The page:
Gov't to require barter players to get accredited

Mindanao Development Authority director for investment promotion and public affairs Olie Dagala said trade vessels and traders will have to be registered for security and monitoring purposes. (Lyka Casamayor)

WITH the revival of the Barter Trade in Mindanao, trade vessels will soon be required to get a registration while traders will be required individual accreditation for security and monitoring purposes.

President Rodrigo Duterte issued an Executive Order (EO) no. 64 reviving the barter trade system in Mindanao in November 2018 to provide income to small communities and help secure the border of Mindanao against illegal trade and activities.

Mindanao Development Authority (Minda) director for investment promotion and public affairs Olie Dagala said during Habi at Kape media forum Wednesday, July 3, that the accreditation is one of their priorities for the barter trade system which they aim to get operationalized by next month.

“With the meeting of the Department of Trade and Industry (DTI) and Minda, hopefully it will be pushed by next month to see to it that the vessels, the people or traders, and the goods will get accreditation. There are the things that we will look into once we operate the barter trade,” Dagala said.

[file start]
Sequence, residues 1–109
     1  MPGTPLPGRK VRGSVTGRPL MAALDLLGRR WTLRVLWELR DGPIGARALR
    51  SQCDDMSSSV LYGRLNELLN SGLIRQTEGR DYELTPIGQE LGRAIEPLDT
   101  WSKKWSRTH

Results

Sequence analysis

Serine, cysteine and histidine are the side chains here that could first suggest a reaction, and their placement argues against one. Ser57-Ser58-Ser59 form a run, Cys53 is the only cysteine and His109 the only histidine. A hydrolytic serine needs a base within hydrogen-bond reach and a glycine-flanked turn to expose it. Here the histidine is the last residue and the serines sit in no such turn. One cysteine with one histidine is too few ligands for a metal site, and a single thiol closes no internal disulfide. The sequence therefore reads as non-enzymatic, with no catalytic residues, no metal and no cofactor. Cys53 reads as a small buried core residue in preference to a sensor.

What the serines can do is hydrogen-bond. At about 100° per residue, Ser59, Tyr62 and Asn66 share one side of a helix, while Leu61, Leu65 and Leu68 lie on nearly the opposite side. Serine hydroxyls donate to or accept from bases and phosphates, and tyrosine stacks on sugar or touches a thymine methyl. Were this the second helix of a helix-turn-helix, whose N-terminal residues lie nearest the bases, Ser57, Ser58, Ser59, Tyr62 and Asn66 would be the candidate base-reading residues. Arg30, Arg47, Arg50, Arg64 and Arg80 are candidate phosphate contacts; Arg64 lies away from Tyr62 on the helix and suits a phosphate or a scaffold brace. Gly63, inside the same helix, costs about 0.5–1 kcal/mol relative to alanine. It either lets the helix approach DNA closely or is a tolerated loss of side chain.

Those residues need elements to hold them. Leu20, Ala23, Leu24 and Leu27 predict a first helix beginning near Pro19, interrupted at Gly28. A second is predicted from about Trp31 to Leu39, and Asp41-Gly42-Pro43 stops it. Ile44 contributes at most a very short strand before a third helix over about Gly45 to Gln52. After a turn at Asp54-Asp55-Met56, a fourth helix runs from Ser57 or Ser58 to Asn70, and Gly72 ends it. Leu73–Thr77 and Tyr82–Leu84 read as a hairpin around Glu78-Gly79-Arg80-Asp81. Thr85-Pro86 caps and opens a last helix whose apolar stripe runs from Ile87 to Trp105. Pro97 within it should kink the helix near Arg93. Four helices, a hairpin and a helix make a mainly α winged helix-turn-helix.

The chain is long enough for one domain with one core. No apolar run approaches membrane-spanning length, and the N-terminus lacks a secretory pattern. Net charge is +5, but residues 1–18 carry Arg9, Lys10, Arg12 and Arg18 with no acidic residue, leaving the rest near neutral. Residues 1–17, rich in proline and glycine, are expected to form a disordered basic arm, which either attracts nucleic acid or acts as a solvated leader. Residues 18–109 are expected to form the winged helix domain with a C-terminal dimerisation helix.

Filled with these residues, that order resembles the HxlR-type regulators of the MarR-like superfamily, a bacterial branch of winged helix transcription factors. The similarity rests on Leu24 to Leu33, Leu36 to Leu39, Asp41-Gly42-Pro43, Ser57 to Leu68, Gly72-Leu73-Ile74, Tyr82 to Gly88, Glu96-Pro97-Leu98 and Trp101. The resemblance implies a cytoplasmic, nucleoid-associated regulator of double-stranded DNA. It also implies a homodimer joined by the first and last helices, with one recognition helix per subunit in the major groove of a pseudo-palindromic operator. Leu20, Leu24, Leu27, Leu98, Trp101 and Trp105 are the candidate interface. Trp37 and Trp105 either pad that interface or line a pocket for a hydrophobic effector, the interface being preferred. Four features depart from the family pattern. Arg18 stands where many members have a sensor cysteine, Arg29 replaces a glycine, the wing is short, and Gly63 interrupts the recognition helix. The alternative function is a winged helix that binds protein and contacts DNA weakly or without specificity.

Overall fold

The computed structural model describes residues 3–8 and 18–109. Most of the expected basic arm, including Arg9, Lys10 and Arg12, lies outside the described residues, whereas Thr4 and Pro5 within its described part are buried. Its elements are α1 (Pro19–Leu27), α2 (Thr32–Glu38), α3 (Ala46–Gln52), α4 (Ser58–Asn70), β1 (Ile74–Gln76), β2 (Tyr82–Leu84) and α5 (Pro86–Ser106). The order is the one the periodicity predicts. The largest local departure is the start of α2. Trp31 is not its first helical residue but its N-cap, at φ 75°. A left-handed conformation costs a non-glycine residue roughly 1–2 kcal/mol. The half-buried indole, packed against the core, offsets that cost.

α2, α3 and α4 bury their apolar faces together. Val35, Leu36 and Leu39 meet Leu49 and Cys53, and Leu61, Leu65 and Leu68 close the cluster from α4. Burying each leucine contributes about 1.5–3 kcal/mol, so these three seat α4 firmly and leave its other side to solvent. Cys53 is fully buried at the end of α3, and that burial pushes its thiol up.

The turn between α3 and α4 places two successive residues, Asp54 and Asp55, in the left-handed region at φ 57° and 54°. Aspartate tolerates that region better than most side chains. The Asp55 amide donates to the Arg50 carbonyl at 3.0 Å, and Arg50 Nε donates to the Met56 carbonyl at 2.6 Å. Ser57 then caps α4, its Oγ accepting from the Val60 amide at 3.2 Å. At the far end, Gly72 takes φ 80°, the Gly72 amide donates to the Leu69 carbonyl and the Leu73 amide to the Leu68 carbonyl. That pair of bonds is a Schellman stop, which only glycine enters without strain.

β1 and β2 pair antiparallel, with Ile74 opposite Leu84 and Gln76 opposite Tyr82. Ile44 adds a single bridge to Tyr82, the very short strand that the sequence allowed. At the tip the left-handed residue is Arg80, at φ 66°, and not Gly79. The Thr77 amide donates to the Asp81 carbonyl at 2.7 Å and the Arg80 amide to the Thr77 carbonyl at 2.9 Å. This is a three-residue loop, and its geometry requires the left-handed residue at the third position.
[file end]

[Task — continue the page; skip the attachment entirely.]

As per initial agreement, the accreditation is P10,000 per individual.

“The DTI will not accredit as a group but as individual so it is up for them to group if they want to but the accreditation is individual. We are looking forward to have it operationalized next month,” Dagala said.

Meanwhile, Minda deputy executive director Romeo Montenegro said non-conventional trade vessels that are considered colorum before will be registered for security reasons. Each vessel will have a designated number once registered so the security forces will be able to identify them as barter trade participants.

“It is gradually transitioning them to the formal economic set-up where they will be facilitated and assisted,” he said, adding that for a long time the informal trading was considered a “shadow economy” so the barter trade system aims to help recognize the sector and monitor its contribution.

The target operation of the barter trade in Philippines-East Asean Growth Area (EAGA) will be on the third quarter of the year.

In a joint statement issued following the 13th BIMP-Eaga Summit in Bangkok, Thailand on June 23, 2019, BIMP-Eaga leaders said they "welcome the on-going efforts to strengthen existing traditional barter trade in the BIMP-Eaga (Brunei Darussalam, Indonesia, Malaysia, Philippines-Eaga) subregion."

"The signing of the Asean Memorandum of Understanding on the Improvement of Safety Standards and Inspection for Non-Convention Ships within Asean Member States, as well as the adoption of the Guidelines for Safety Standards for Non-Convention Ships on November 9, 2018 will facilitate and promote cross-border maritime safety, expand maritime trade, and improve the sustainability of barter trade," the signing ministers said.


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